Dusting Attack is a new type of malicious activity in which hackers and scammers try to invade the privacy of Bitcoin and cryptocurrency users by depositing a very small amount of coins into the user’s personal wallet. Many Bitcoin professionals trade in the belief that their anonymity is protected from attempts to hack transactions, but unfortunately, this is not the case!
Definition of Dust
In the language of cryptocurrencies, “dust” refers to a very small amount of coins or tokens – a number so small that one is often overlooked. Take Bitcoin, for example, the smallest unit of this currency is 1 satoshi (0.000000000 BTC) and we can consider a few hundred satoshis as “dust”.
In other words, “dust” is a very small transaction or with a quantity that is not worth sending because it is much smaller than the transaction fee. In cryptocurrency trading, “dust” is also the name that we assign to very small amounts of coins that are “stuck” and cannot be traded.
Most people don’t pay attention to the “dust” in their wallets and rarely worry about its origins. In the past, it was okay not to care about this very small amount of money in your wallet, but with the recent creation of dusting attacks, we can no longer consider it that way.
What is a dusting attack?
Scammers have recently realized that Bitcoin users don’t pay much attention to the very small amounts of money that appear in their wallets, so they start “dusting” a large number of addresses by sending a few satoshis.
They then begin to track those funds and all the transactions of those wallets that are dusty, allowing them to link to addresses and eventually identify the companies or individuals behind those wallet addresses.
These dusting attacks were originally carried out with Bitcoin but they are also happening with other cryptocurrencies that are operating on an open and transparent blockchain.
At the end of October 2018, samourai wallet developers for Bitcoin announced that some of their users were involved in dusting attacks. The company sent out a warning tweet to its users and instructed how users could protect themselves.
To protect users against dusting attacks, it now provides real-time alerts for dust tracking as well as adding a “Do Not Spend” feature that allows users to mark suspicious items and avoid using them in future transactions.
If the dust is stationary in the wallet, the attacker cannot make the connections they need to “anonymously circumvent” the owner of that wallet or the owner of the address. Samourai wallets already have the function of automatically reporting transactions below the 564 satoshi limit, which provides some level of protection.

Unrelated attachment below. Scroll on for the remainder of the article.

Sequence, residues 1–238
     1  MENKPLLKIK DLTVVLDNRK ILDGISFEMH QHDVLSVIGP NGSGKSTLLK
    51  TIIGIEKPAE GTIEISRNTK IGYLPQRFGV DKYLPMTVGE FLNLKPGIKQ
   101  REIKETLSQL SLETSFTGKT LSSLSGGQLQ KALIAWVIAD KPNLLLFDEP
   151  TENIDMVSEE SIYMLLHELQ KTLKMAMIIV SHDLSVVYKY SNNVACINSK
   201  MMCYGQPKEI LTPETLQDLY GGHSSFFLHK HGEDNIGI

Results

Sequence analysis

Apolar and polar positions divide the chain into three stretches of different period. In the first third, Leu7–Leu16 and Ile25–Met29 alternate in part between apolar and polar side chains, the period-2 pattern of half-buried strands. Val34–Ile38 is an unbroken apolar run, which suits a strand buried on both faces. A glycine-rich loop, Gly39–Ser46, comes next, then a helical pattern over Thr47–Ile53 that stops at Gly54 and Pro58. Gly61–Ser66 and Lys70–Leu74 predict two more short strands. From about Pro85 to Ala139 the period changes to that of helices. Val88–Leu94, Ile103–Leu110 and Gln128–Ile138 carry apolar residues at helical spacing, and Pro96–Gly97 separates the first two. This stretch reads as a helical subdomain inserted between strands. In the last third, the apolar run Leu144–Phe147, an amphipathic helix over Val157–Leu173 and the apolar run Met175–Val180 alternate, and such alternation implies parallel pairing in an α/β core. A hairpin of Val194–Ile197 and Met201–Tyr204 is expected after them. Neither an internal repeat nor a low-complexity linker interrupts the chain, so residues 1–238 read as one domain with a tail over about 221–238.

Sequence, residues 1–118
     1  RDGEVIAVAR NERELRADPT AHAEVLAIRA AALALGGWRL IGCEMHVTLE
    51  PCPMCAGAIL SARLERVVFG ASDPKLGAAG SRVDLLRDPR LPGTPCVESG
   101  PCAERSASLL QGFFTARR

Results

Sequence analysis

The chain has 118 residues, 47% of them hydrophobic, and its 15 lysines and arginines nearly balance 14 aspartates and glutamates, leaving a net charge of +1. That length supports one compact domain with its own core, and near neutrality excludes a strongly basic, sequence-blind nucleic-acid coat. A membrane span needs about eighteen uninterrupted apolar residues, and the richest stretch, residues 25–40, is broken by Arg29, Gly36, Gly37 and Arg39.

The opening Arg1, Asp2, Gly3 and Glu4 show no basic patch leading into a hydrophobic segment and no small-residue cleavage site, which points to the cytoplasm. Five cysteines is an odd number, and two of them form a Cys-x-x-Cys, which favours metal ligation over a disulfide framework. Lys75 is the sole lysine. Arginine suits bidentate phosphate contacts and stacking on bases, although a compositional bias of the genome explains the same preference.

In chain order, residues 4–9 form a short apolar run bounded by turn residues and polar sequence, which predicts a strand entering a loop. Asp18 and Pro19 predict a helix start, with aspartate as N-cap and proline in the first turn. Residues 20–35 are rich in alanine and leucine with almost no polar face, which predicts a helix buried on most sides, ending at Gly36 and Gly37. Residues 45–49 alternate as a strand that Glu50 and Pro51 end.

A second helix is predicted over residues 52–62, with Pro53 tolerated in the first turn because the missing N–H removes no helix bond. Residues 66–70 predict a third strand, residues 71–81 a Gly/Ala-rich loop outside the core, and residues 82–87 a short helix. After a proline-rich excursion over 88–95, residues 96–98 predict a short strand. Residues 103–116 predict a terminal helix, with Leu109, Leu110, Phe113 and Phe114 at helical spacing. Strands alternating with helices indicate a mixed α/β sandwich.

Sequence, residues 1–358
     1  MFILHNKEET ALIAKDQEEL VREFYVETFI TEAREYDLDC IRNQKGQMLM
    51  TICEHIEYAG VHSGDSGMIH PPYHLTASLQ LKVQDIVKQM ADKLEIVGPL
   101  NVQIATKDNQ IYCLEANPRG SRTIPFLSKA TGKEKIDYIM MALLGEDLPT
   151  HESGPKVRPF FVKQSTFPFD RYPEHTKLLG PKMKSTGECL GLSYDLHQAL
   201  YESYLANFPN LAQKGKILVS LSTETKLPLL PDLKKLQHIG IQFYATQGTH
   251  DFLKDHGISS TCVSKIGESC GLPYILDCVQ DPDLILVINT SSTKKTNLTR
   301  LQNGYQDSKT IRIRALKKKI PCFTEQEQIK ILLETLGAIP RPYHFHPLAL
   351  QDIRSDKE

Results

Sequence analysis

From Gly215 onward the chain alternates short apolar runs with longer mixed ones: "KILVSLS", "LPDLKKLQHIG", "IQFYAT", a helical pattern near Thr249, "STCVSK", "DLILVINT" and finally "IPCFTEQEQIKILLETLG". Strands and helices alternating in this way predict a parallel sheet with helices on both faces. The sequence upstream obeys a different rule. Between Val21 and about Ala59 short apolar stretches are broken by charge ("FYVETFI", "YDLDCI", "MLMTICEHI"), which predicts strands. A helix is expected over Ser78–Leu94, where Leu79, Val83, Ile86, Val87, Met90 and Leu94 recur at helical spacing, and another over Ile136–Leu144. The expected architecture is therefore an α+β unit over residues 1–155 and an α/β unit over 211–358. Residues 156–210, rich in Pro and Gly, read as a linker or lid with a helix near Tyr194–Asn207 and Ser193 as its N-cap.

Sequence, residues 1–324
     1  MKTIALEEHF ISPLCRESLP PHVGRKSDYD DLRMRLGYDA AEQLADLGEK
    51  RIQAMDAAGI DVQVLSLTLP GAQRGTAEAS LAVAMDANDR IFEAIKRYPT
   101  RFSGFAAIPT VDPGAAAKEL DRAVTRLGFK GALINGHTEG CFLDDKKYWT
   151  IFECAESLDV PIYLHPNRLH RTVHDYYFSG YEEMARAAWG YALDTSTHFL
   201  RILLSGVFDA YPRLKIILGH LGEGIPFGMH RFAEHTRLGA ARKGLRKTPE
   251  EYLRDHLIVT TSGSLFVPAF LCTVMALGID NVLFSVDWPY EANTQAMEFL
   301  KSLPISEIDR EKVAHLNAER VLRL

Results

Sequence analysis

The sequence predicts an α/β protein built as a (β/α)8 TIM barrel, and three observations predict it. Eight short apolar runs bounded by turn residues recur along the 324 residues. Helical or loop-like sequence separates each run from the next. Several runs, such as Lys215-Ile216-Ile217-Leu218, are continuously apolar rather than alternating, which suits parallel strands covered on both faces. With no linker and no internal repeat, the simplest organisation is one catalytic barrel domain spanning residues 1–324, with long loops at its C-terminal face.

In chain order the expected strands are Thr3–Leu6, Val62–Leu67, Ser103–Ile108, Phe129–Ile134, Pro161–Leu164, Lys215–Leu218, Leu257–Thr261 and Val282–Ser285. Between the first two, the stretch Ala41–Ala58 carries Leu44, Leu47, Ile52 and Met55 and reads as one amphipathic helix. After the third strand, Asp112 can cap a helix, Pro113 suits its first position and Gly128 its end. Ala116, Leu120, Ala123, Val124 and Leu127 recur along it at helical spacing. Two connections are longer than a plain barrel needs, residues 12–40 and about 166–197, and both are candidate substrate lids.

Why does Dusting Attack exist?
Cryptocurrency trading is always public, but it’s difficult to know who the owner behind that cryptocurrency is. Hackers can’t rely solely on public wallet addresses to steal cryptocurrencies, they must identify victims in order to continue to apply other attack measures.
The majority of cryptocurrencies today are based on bitcoin’s blockchain prototype, which has a function that allows a private key to create a variety of public wallet addresses. However, hackers can’t rely on public wallet addresses to go back to the private key, they can only go through Dusting Attack to verify which public wallets have the same owner.
How Dusting Attack Works
When hackers deposit cryptocurrencies into a victim’s wallet, the movement path of that cryptocurrency can be easily tracked by the hacker. If they are used for transactions sent to wallets that the hacker already knows the owner of, he can determine who the cryptocurrency belongs to.
Although the amount of bitcoins in each wallet is displayed independently of each other, they can be consumed collectively in one transaction, which is the mechanism that facilitates dusting attacks to be able to perform.
Ways to Combat Dusting Attack
Dusting Attack prevention is not difficult if we understand their nature and pay attention to precautions, here are simple but effective ways to prevent Dusting Attacks.
- Do not use money sent by hackers: Some wallets have a “do not spend” function to prevent Dusting Attacks like this. If the money is in your wallet, there’s nothing hackers can do about it.
- Use “coin mixers”: This is a special type of software that mixes many different transactions, which makes transaction tracing difficult or impossible to do. You can refer to BestMixer, one of the world’s most popular coin-mixing webs.
- Use anonymous coins such as Dash, Monero, and Zcash. Because they are not publicly traded, Dusting Attack is void.
- P2P trading: Since these types of transactions are usually private, hackers are difficult to track and attack.
- Use a one-time wallet address per transaction: You can create infinite bitcoin wallet addresses, so if it’s not a mandatory situation, create a new wallet address each time you make a transaction. Verifying whose wallet addresses are owned is pointless if you never use them again.